goMediCAL web allows to register patients who don't have the app ©Open SI- 2019
"I had a chance to meet goMediCAL representatives during a session that was organized by them and understood how the service would make life easier not only for the patient but also for the doctor. As a patient, when I am sick and I log on to the goMediCAL application, I have two advantages. Firstly, I have the option to search for a doctor, and secondly, I can get an appointment very quickly. Whereas for the doctor, the advantage is that he can keep track of the number of appointments [and] number of patients and can organize his day in [an] optimal manner."
Dr. Olivier Franck Yedomon, a Dermatology-Venereologist who works in a private hospital in Cotonou, speaks about the goMediCAL application launched in Benin by the start-up Open SI, with the support of the UN Capital Development Fund (UNCDF).
Eight months after the launch of the m-health service goMediCAL, user satisfaction is high. New functionalities have been added, with the technical support of Amarante Consulting, to address challenges and scale up the project. Namely, the geolocation of hospitals, the ability to search for pharmacies and ambulances, and/or the possibility for health centres to register patients who do not have the application on their web interface, are also available now.
Like Dr. Yedomon, more and more doctors are becoming goMediCAL users. It is the result of the service’s penetration strategy, which focuses mainly on advocacy and awareness-raising among health workers. Several sessions to introduce the application were held in clinics and in many official forums organized for medical professionals in Benin. Gilles Kounou, the founder of the start-up, explains:
"We realized early on that a good relationship with the doctors would guarantee the sustainability of the project. UNCDF has recruited a health adviser who makes it easier for us to access these important meetings and seminars. Then, the firm Amarante Consulting helped us set up a sales force (of eight recruits) to strengthen the relationship with these doctors, clinics and hospitals."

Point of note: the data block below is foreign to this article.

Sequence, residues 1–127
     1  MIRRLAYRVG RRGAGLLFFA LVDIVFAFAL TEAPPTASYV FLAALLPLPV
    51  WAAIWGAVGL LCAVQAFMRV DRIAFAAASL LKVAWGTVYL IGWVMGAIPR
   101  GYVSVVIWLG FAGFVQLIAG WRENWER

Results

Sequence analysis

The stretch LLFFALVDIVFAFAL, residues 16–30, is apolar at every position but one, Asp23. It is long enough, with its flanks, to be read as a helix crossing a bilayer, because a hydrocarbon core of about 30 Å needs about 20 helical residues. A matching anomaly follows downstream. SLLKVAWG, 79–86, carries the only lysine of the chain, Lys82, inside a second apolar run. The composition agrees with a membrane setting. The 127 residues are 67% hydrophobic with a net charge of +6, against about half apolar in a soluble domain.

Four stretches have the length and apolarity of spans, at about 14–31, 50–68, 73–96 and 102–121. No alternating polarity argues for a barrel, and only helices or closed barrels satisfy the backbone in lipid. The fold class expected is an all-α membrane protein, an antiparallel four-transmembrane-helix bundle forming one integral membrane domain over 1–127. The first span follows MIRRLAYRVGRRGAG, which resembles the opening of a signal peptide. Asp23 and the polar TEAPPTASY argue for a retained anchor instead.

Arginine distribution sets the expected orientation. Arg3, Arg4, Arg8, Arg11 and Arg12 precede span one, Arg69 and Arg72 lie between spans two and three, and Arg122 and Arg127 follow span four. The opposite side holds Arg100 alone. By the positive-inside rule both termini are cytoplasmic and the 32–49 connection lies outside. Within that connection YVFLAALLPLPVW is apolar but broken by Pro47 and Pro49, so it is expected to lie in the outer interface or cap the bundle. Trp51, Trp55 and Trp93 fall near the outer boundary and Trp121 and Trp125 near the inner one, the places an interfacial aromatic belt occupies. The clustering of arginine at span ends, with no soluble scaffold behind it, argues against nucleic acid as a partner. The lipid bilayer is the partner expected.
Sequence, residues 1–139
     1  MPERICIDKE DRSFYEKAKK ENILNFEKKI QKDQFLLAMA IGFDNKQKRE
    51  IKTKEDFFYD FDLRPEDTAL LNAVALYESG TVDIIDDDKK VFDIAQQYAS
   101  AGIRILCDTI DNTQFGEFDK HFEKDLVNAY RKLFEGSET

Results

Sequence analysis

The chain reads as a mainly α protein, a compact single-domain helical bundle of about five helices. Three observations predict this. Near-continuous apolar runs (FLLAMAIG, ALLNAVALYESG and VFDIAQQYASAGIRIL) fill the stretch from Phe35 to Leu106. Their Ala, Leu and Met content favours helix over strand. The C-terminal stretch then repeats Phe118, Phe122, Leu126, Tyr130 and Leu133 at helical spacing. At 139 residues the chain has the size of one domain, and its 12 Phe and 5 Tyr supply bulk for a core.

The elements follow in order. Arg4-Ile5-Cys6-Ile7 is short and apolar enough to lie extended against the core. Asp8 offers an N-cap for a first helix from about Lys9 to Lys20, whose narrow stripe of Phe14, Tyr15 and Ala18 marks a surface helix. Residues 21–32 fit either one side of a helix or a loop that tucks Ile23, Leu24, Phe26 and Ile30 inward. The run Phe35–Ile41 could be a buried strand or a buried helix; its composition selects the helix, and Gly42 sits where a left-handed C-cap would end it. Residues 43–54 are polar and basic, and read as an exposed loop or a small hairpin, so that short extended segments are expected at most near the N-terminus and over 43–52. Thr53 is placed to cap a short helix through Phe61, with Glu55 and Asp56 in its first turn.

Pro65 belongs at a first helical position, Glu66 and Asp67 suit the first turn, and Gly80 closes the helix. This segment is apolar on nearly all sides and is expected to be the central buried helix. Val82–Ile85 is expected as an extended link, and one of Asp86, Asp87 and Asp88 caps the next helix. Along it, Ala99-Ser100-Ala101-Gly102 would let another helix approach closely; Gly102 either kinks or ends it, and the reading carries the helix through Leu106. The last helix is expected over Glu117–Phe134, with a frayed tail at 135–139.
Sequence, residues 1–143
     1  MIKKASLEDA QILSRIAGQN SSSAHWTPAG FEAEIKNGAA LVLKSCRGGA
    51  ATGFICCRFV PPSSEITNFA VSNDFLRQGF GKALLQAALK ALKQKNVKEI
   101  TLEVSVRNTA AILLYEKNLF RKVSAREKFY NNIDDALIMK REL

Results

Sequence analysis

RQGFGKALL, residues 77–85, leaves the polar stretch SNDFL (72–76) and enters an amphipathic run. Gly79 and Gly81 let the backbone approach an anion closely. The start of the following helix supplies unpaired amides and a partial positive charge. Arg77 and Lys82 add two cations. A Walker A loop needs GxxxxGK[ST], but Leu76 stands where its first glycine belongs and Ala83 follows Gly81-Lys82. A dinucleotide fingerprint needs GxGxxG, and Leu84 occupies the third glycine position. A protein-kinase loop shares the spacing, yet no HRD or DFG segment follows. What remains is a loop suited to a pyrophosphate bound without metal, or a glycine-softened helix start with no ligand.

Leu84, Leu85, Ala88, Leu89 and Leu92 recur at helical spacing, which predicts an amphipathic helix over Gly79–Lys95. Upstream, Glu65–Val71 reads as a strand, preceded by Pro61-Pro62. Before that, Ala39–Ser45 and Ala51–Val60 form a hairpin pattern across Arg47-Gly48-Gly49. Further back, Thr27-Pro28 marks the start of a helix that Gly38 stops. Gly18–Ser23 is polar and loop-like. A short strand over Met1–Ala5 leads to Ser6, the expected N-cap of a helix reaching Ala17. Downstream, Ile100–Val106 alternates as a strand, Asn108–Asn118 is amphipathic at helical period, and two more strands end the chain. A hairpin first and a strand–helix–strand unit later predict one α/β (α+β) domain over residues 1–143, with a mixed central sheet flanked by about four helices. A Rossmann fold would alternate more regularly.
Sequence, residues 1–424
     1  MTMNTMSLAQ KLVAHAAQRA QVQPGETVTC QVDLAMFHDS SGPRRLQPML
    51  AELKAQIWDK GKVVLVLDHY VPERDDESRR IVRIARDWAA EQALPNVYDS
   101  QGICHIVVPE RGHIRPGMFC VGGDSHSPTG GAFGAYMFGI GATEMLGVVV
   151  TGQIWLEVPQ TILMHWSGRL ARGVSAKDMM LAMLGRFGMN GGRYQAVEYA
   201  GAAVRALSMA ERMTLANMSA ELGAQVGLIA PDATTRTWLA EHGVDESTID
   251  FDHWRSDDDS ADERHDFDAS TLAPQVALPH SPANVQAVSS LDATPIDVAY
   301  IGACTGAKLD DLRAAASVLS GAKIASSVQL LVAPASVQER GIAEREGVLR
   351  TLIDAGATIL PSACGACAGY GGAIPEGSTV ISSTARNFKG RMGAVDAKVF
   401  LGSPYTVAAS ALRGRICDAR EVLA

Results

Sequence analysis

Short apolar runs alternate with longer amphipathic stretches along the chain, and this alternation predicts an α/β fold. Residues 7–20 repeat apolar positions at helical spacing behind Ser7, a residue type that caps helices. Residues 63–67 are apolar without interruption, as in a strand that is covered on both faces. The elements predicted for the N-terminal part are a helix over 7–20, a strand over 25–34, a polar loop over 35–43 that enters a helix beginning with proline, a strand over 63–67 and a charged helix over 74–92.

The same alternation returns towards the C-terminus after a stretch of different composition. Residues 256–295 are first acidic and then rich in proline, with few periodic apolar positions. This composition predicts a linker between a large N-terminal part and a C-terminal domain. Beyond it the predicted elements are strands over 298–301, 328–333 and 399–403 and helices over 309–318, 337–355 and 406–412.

The positive response of doctors to the service is undoubtedly the main reason for the growth in the number of users. Currently, 15,000 patients regularly use the application, well above the initial target of 10,000 users. In addition, 250 appointments are made every day via the application.
"Since the time we've been using this application at the medical centre, record-keeping is correct now, and patients come on time and [are] catered [to] on time as well," Dr. Yedomon points out.
However, not all expectations of goMediCAL have been met yet. For instance, very few active users have made appointments for a third party. "The application is mainly used by middle class [people] who do not want to waste time," says Mr. Kounou. However, this functionality of goMediCAL is particularly important for access to health care for low-income populations. It is a solution for people, who can afford to do so, to pay the consultation fees for their parents or relatives regardless of where they live. To increase this third-party usage, Open SI will have to invest more in mass communication campaigns to promote the service. Additionally, the start-up has not yet integrated into its offering some key components of the medical system, such as laboratories and insurers. Some ideas are already being studied for inclusion in version 3.0 of the application.
goMediCAL is paving the way for long-awaited second-generation digital products in the rapidly expanding Beninese market. Although usage among vulnerable populations is still limited, the service is transforming the health journey in a positive way. Open SI intends to use the lessons learned through its work with UNCDF to improve its offering, as Mr. Kounou highlights here: "Today, we have better knowledge of the market. With our 260 doctors enrolled on the platform, we will now focus on patients ."